Our seven-year-old has a crush on a new guy every week. When we told her she’s too young for that carry on, she replied, “I know, but there are so many good looking guys in my class.”
They are a pack of lookers in fairness — but I never thought we’d be ‘here’, so early in her life.
As always, the neighbours are well ahead of us on the sex front. More than 240 primary schools in Britain recently introduced an ‘All About Me’ sex education programme for six to 10 year-olds, including a module on the rules of masturbation. (There are rules?) We know from Brexit that the Brits have a thing for self-abuse, but still, six seems a bit early doors, even for them.
But, why wait? We have an open relationship with our two kids, we can pretty much say anything to them. Now might be the perfect time to set them straight about sex, before one of their friends decides to give them a half-arsed version that will leave them scarred for life.
My entire sex-education at home went as follows:
Me: We’re doing reproduction at the moment in science, is it true that the man puts his penis into the woman’s vagina?
Look, at least he didn’t say no. I suppose he didn’t want to rule out the possibility of grandchildren.
The upshot was the only family member who told me about sex, growing up, was a second cousin in Kinsale.
I was 10 years old and we were walking along Main Street one day when a passing driver blew his horn. “Keep your horn for your wife,” shouted my second cousin at him and I burst out laughing because he was always very funny. Then I asked him what he meant by that. He said, “Seriously, don’t you know, meet me outside Acton’s Hotel at three this afternoon and I’ll give you a quick rundown”.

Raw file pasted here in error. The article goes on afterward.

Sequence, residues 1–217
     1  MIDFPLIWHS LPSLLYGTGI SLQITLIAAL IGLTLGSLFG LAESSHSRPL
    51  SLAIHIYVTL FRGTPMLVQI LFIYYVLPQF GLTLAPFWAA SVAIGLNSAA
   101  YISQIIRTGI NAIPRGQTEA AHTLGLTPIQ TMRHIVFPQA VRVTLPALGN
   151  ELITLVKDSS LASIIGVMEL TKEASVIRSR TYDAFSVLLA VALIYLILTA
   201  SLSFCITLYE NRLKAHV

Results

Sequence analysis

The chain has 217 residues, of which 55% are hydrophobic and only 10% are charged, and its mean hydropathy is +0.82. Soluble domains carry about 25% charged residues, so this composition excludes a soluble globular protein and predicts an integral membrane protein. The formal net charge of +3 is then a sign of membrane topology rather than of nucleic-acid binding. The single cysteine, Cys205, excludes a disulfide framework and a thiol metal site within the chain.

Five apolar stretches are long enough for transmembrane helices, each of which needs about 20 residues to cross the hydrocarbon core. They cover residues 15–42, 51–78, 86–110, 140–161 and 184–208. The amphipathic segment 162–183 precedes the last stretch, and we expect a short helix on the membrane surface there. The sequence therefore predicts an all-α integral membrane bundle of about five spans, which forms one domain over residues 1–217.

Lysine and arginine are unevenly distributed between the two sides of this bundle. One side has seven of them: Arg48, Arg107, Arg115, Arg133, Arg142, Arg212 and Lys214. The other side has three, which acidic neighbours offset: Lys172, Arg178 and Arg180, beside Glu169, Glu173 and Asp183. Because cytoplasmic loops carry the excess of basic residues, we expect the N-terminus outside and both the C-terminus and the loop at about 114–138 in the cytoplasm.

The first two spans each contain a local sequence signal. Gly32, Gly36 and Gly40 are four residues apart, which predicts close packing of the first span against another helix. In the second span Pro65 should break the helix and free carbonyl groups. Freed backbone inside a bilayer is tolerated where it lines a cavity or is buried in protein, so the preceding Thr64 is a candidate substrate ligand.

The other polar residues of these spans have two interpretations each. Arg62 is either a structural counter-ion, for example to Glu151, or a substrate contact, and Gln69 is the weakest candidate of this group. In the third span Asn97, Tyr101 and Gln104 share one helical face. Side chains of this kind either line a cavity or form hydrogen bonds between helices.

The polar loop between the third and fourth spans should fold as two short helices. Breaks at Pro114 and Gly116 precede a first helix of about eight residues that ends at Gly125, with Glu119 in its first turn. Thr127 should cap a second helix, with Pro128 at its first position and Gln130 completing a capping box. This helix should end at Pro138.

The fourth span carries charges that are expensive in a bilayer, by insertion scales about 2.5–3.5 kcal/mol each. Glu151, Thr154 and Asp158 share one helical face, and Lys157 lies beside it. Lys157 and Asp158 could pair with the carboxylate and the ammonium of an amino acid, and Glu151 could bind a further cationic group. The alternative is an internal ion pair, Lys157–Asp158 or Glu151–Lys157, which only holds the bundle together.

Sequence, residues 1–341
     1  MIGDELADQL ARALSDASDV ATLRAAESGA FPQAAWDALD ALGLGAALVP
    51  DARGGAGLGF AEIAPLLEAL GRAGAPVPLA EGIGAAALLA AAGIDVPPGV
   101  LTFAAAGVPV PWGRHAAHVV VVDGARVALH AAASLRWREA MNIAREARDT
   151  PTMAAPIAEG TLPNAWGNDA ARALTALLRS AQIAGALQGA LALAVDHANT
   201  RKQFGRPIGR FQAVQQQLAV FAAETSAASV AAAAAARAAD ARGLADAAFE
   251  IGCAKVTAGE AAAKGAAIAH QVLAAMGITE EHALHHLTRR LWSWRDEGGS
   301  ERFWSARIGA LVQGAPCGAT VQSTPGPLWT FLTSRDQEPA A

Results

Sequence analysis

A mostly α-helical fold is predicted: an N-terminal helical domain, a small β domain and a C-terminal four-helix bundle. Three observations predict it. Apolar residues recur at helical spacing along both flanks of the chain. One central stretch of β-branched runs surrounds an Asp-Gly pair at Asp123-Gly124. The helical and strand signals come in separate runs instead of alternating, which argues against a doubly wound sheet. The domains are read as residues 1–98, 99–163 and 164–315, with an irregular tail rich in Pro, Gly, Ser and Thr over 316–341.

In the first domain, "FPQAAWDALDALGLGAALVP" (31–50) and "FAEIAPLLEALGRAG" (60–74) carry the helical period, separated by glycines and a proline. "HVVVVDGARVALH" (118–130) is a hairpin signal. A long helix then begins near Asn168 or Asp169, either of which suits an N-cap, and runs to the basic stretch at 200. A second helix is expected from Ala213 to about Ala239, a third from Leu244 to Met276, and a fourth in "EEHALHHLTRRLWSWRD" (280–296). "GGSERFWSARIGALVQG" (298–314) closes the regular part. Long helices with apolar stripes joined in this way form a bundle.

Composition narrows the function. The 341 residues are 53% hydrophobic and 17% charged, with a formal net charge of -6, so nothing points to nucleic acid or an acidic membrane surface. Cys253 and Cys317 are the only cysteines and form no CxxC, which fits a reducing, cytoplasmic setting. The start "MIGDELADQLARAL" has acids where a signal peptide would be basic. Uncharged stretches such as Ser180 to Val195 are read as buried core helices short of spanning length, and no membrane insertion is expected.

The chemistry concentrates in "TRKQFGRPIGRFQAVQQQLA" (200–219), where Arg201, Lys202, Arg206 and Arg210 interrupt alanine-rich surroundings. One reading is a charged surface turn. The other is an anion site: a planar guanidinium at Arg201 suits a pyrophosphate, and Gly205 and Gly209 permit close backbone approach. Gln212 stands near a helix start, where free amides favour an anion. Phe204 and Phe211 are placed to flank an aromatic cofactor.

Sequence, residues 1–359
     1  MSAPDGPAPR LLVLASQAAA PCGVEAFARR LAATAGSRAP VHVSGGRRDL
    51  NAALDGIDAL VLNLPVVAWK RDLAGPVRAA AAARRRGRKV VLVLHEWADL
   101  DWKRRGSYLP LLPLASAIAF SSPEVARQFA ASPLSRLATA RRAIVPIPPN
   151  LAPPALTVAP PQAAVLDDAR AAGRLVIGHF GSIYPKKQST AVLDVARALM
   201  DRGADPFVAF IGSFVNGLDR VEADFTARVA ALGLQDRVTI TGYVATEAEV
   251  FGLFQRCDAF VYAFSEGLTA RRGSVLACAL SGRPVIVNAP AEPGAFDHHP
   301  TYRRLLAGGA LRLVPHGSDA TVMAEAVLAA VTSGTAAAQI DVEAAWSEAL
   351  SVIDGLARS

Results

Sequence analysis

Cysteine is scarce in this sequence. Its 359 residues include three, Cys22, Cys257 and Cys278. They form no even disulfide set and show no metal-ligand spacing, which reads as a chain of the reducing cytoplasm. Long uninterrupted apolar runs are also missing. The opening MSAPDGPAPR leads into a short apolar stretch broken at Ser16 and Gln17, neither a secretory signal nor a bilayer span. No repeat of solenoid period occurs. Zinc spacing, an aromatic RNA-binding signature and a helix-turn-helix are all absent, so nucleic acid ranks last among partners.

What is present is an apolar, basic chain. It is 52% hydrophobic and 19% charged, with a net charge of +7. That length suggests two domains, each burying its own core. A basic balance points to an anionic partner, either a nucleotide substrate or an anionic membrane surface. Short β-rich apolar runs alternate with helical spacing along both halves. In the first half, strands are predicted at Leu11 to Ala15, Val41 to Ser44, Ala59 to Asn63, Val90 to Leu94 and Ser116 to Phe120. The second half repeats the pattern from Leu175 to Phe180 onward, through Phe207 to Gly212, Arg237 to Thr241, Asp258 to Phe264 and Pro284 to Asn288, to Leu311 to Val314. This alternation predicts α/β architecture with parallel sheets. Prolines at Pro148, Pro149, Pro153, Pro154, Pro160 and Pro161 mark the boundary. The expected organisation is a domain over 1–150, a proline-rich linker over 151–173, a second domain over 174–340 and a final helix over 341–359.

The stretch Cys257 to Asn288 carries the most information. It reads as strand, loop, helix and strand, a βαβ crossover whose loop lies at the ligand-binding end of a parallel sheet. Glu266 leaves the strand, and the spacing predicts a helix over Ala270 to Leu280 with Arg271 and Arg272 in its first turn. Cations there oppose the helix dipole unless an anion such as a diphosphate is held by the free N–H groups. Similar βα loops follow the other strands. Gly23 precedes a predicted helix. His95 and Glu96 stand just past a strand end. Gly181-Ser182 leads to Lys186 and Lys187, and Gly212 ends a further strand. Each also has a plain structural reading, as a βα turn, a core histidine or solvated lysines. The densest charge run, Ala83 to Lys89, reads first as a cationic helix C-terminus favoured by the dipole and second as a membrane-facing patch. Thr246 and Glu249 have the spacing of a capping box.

That guy knew how to build tension. I can’t remember half of what he said outside Acton’s Hotel, but the other half turned out to be rubbish.
I don’t want my kids to be badly advised. And I don’t want them to develop any hang-ups about their bodies. Right now, they see their genitals as just another part of their body. I’d like it to stay that way, as much as possible.
Now, confession time. I have no idea what kind of sex education they have in my daughter’s school. I assumed this wouldn’t be an issue until I googled ‘sex education Ireland primary school’ and found a newspaper article from last year which revealed a fairly ad-hoc approach to this around the country.
It also told me that Accord, the catholic marriage counselling service, is the leading provider of RSE (relationship and sexuality education) in Ireland. I’m sure it’s great organisation, but it brings to mind the time a priest and a nun gave us a little chat about marriage in secondary school, but just in case some areas of a sexual relationship remained a mystery to them, they had a lay couple on hand to answer our questions.
The ‘All About Me’ programme got a bit of push back in Britain, with some parents keeping their kids at home when it was being delivered. But, judging by excerpts shared in the media, it’s open, honest and full of common sense. They describe masturbation as “something we should only do when we are alone, perhaps in the shower or in bed, a bit like picking your nose.”
That seems like solid advice to me. Although, to be honest, I take a dim view of people picking their nose in bed.